A little more than a year ago, she met the woman who owns the Devil Woman's Saloon. After they developed a strong friendship, the woman sprung the idea of building a studio for Amber Jean near the artist's cabin in Paradise Valley.
“This gift of a studio just happened, which was like winning the lottery, only much better,” Amber Jean said.
Bierman is the contractor on the project, which should be done this spring.
Around the time of Amber Jean's surgery, Bierman urged Amber Jean to visualize her dream studio as a way to make it manifest itself. She remembers telling him that she was having a tough time just trying to manifest her monthly mortgage payment.
The finished studio will have high ceilings and a massive hoist to allow her to do even grander carvings. It will also have a nap room for breaks, like the temporary studio space that she shared in Bozeman.
Her desire to tackle large-scale projects led her to woodcarving. While she was in school at MSU, she couldn't figure out how to afford the cost of materials for those large-scale creations until she realized that she could harvest standing dead trees from the national forest with a $20 firewood permit.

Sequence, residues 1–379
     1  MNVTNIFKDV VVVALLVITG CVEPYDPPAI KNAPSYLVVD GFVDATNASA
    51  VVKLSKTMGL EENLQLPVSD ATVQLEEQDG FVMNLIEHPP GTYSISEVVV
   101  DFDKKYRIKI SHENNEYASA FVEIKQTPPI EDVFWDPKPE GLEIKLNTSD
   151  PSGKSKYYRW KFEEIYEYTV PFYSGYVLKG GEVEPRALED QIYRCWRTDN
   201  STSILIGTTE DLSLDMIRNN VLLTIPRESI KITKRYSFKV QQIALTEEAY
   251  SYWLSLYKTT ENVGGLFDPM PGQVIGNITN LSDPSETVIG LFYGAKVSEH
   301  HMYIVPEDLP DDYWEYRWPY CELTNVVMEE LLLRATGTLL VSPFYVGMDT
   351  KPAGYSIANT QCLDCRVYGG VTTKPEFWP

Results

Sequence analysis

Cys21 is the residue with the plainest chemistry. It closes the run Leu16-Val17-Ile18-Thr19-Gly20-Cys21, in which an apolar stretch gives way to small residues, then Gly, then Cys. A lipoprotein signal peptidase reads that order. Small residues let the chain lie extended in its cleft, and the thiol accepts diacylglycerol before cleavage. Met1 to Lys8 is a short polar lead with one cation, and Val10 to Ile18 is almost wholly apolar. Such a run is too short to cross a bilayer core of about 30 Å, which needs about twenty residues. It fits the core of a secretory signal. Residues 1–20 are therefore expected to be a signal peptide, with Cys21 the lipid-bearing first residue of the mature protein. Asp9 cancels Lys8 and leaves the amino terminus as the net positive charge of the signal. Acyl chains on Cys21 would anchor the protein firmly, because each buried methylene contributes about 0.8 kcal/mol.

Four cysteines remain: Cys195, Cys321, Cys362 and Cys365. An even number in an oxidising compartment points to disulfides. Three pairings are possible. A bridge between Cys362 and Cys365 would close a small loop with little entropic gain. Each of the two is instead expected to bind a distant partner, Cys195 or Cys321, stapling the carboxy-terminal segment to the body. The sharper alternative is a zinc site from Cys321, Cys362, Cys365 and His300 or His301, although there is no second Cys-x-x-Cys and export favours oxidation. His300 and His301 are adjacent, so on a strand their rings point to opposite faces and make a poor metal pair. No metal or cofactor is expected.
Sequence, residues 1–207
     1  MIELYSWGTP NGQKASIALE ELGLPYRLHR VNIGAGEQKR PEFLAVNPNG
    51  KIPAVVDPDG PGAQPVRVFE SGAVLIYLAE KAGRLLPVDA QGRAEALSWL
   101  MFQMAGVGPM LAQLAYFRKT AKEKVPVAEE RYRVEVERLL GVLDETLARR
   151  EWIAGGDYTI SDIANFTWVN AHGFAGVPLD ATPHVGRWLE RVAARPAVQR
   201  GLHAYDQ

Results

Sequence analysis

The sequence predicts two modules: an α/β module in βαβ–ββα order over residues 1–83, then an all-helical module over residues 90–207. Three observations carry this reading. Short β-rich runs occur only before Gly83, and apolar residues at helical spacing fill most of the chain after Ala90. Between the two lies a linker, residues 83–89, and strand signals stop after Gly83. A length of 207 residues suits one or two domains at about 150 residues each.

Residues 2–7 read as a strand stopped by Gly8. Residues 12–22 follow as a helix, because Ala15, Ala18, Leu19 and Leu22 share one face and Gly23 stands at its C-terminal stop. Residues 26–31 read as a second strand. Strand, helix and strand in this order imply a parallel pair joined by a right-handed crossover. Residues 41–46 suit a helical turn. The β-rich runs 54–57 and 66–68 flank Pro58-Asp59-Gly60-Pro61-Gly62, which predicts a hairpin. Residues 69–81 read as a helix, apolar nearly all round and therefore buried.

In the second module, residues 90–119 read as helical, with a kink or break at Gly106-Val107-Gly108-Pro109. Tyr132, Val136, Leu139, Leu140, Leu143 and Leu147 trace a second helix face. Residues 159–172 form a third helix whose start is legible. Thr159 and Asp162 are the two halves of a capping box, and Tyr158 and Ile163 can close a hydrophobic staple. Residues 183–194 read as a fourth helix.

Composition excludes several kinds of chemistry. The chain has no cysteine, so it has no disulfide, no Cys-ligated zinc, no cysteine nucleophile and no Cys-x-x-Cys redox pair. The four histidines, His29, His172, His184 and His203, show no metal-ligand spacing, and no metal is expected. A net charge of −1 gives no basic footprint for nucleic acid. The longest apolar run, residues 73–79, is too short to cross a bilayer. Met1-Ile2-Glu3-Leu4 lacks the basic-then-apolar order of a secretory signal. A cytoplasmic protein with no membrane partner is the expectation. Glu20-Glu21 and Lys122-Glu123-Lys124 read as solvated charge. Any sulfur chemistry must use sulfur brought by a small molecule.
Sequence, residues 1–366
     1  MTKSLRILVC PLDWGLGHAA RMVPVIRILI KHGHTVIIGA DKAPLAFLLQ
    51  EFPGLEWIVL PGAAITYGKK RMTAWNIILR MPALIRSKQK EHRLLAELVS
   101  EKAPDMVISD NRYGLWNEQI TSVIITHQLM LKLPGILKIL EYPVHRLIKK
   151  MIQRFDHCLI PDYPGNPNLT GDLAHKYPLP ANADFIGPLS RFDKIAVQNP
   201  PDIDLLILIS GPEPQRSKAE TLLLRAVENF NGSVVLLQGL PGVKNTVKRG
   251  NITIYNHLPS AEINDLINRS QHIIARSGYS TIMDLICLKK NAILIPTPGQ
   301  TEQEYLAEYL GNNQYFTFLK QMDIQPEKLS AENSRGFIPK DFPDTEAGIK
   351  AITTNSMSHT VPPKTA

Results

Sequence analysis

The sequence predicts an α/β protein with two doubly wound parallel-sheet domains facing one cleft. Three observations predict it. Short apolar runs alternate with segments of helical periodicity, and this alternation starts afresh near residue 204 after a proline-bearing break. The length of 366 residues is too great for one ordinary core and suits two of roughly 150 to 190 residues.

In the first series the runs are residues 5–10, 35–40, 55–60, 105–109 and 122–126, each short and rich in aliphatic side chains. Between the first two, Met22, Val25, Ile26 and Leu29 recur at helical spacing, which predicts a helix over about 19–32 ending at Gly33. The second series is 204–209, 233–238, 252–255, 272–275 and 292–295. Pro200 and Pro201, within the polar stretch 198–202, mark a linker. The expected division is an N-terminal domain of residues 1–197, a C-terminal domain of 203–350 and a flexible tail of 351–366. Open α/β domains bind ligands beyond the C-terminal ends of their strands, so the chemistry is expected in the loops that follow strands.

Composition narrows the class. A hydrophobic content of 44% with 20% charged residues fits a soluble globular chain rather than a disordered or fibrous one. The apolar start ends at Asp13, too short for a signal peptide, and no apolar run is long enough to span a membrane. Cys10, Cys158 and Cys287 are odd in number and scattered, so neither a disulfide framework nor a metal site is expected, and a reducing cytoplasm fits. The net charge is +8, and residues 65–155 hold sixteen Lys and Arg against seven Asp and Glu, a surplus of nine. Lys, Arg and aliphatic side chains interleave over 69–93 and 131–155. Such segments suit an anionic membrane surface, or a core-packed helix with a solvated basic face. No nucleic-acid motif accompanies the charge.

From her first wood pile, she pulled a little log to carve a Santa for her mother.
“I started after it with a chisel and I was really disappointed because I could see the Santa in there, but I couldn't get to it fast enough,” she said.
Her boss at the time, a forester, suggested that she start with a chain saw. Although she now owns three chain saws, along with routers, grinders and other power tools, she does the finish work on her carvings with chisels. She mixes her own stains and layers them to get unique, rich colors.